There is a common misconception that the courts favor mothers over fathers in custody proceedings. Others think that parents with the most resources usually get custody of a child. None of these is true. The courts in New Jersey favor joint custody orders over others because they are usually best for the children. However, they base their decision on the child’s best interests, which is determined by not one but many different factors.
What are the child’s best interests?
The law in New Jersey states that the court’s priority must be the child’s best interests when determining a custody order. The child’s best interests does not mean the child will stay with the parent with the higher income or the more affectionate one. The court decides the child’s best interests based on many different factors, such as:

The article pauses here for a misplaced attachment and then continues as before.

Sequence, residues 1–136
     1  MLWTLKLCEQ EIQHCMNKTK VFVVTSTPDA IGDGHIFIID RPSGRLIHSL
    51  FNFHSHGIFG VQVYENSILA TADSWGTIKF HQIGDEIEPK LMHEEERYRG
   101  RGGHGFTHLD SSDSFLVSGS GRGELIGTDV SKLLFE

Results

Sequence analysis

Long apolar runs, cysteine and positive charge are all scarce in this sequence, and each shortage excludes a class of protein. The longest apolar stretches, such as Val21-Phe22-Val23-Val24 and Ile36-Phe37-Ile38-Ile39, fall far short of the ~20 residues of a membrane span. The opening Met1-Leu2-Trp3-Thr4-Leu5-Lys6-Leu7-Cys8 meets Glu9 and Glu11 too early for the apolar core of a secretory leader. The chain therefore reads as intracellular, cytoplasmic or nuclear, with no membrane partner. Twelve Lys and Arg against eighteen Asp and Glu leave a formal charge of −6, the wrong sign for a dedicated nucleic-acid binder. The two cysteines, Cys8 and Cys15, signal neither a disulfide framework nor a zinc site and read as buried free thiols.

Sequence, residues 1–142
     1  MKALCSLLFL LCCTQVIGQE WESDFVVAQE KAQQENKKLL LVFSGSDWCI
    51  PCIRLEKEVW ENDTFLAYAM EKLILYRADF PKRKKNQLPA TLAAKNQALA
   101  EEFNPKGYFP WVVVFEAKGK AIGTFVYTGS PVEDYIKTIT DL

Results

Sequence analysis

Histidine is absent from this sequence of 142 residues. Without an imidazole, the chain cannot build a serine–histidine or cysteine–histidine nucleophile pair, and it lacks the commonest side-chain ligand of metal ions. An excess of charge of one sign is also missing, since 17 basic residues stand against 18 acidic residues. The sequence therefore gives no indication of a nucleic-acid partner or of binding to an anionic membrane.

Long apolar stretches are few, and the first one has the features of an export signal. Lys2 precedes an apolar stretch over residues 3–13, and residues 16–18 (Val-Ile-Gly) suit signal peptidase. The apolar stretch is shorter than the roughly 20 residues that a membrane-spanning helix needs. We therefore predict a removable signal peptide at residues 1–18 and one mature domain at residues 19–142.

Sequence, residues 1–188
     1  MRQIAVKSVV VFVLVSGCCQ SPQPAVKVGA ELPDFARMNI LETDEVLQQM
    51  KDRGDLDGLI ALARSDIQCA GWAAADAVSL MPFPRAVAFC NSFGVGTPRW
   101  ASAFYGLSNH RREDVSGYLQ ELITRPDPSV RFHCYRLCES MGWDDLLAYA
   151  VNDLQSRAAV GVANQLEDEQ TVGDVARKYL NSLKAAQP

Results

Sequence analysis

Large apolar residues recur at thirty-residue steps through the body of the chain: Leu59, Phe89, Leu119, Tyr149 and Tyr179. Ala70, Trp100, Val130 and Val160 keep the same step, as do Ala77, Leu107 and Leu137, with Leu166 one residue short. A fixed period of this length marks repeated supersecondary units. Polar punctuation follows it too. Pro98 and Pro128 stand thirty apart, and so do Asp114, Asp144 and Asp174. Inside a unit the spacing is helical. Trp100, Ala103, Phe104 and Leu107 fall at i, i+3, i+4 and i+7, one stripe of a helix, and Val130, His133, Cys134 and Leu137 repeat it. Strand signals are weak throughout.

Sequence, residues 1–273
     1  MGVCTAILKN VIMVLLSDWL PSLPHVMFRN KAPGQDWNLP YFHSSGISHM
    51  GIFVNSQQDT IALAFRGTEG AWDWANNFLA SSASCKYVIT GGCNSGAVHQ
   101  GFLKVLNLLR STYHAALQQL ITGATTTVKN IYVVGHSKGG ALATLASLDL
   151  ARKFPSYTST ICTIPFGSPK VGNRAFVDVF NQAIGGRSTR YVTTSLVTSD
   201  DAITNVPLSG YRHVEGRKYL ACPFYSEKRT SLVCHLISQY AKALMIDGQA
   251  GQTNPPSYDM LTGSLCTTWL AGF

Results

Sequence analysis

- The mental and physical health of each parent
- The parents’ ability to communicate and cooperate in matters relating to the child
- The interaction and relationship of each parent with the child
- The needs of the child
- The parents’ employment responsibilities
The court also considers the child’s preference if they are old enough to decide. Nonetheless, this does not mean that the court will decide based on the child’s wishes, as they have to consider all of the other relevant factors according to the law.
Your right as a parent
The court may not deny you legal or physical custody of your child unless they believe that any harm could come to your child by spending time with you. If the relationship you have with your child is good and healthy, there is nothing to fear. You may not lose your child unless the circumstances are against you. Even if you did, you could appeal the court’s decision or ask for a custody modification. It is your child, and you will always have the possibility of fighting for them in court.